clarification on differential equation workings

• Oct 24th 2009, 01:57 PM
ben.mahoney@tesco.net
clarification on differential equation workings
the question is:
Q) Find the general solution of the differential equation dx/dt - x = t+1
A) Here are my workings. Does this look correct?

dx/dt = x + t +1
dx/dt = t(x/t 1 + 1/t)

Let u = x/t 1 + 1/t so du/dx = 1/t so dx = du.t

Equation become: dut/dt = tu
du/u = dt
ln(u) = t + C
u = exp(t + C)
u = Aexp(t)

As u = x/t 1 + 1/t rearranging gives x = ut - t - 1

Putting u into equation gives final answer of x = Aexp(t)t - t - 1
• Oct 24th 2009, 06:29 PM
Prove It
Quote:

Originally Posted by ben.mahoney@tesco.net
the question is:
Q) Find the general solution of the differential equation dx/dt - x = t+1
A) Here are my workings. Does this look correct?

dx/dt = x + t +1
dx/dt = t(x/t 1 + 1/t)

Let u = x/t 1 + 1/t so du/dx = 1/t so dx = du.t

Equation become: dut/dt = tu
du/u = dt
ln(u) = t + C
u = exp(t + C)
u = Aexp(t)

As u = x/t 1 + 1/t rearranging gives x = ut - t - 1

Putting u into equation gives final answer of x = Aexp(t)t - t - 1

It is a first order linear DE, so you can solve it using an integrating factor.

$\displaystyle \frac{dx}{dt} - x = t + 1$.

The integrating factor is $\displaystyle e^{\int{-1\,dt}} = e^{-t}$.

Multiply both sides of the equation by the integrating factor.

$\displaystyle e^{-t}\frac{dx}{dt} - xe^{-t} = e^{-t}(t + 1)$

Notice that the left hand side is the product rule expansion of $\displaystyle \frac{d}{dt}(xe^{-t})$.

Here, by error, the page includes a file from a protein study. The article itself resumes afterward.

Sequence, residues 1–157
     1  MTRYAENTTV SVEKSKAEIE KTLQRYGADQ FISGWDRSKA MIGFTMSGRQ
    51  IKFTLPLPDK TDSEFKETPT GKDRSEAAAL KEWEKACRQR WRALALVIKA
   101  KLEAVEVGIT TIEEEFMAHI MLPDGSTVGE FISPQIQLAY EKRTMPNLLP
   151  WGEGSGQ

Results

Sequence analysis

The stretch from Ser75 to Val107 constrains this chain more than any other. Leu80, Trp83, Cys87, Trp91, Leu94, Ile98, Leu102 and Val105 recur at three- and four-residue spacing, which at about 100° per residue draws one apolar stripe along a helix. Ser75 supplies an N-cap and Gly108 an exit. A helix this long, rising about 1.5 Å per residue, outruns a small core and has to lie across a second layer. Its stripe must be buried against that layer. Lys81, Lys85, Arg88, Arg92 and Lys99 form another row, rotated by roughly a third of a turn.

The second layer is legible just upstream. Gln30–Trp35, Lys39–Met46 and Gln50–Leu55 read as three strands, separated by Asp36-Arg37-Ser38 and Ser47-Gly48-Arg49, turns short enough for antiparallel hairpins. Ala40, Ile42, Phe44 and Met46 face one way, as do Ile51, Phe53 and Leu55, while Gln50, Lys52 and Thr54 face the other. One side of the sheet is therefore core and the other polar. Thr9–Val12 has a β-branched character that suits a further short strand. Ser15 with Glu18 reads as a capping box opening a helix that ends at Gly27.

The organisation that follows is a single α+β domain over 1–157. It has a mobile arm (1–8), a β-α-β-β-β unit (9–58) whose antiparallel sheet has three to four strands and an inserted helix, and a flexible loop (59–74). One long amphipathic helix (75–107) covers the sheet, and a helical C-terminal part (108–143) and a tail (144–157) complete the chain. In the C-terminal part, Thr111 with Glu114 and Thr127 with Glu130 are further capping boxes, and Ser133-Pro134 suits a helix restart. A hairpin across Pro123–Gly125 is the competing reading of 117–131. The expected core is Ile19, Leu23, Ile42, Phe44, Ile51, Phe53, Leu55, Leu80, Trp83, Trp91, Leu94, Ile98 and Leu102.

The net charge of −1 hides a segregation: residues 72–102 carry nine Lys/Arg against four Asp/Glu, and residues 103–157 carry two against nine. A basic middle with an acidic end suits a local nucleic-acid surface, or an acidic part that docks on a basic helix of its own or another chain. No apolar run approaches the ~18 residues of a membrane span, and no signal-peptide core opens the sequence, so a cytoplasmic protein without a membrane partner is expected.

So $\displaystyle \frac{d}{dt}(xe^{-t}) = e^{-t}(t + 1)$

$\displaystyle xe^{-t} = \int{e^{-t}(t + 1)\,dt}$

Solve this integral using integration by parts.

$\displaystyle \int{u\,dv} = uv - \int{v\,du}$.

Let $\displaystyle u = t + 1$ so that $\displaystyle du = 1$

Let $\displaystyle dv = e^{-t}$ so that $\displaystyle v = -e^{-t}$.

Therefore

$\displaystyle xe^{-t} = -e^{-t}(t + 1) - \int{-e^{-t}\,dt}$

$\displaystyle xe^{-t} = -e^{-t}(t + 1) - e^{-t} + C$

$\displaystyle xe^{-t} = -e^{-t}(t + 2) + C$

$\displaystyle x = Ce^t - (t + 2)$

$\displaystyle x = Ce^t - t - 2$.
• Oct 24th 2009, 11:31 PM
CaptainBlack
Quote:

Originally Posted by ben.mahoney@tesco.net
the question is:
Q) Find the general solution of the differential equation dx/dt - x = t+1
A) Here are my workings. Does this look correct?

dx/dt = x + t +1
dx/dt = t(x/t 1 + 1/t)

Let u = x/t 1 + 1/t so du/dx = 1/t so dx = du.t

Equation become: dut/dt = tu
du/u = dt
ln(u) = t + C
u = exp(t + C)
u = Aexp(t)

As u = x/t 1 + 1/t rearranging gives x = ut - t - 1

Putting u into equation gives final answer of x = Aexp(t)t - t - 1

Check that your solution satisfies the original differential equation, now tell us if it is correct.

CB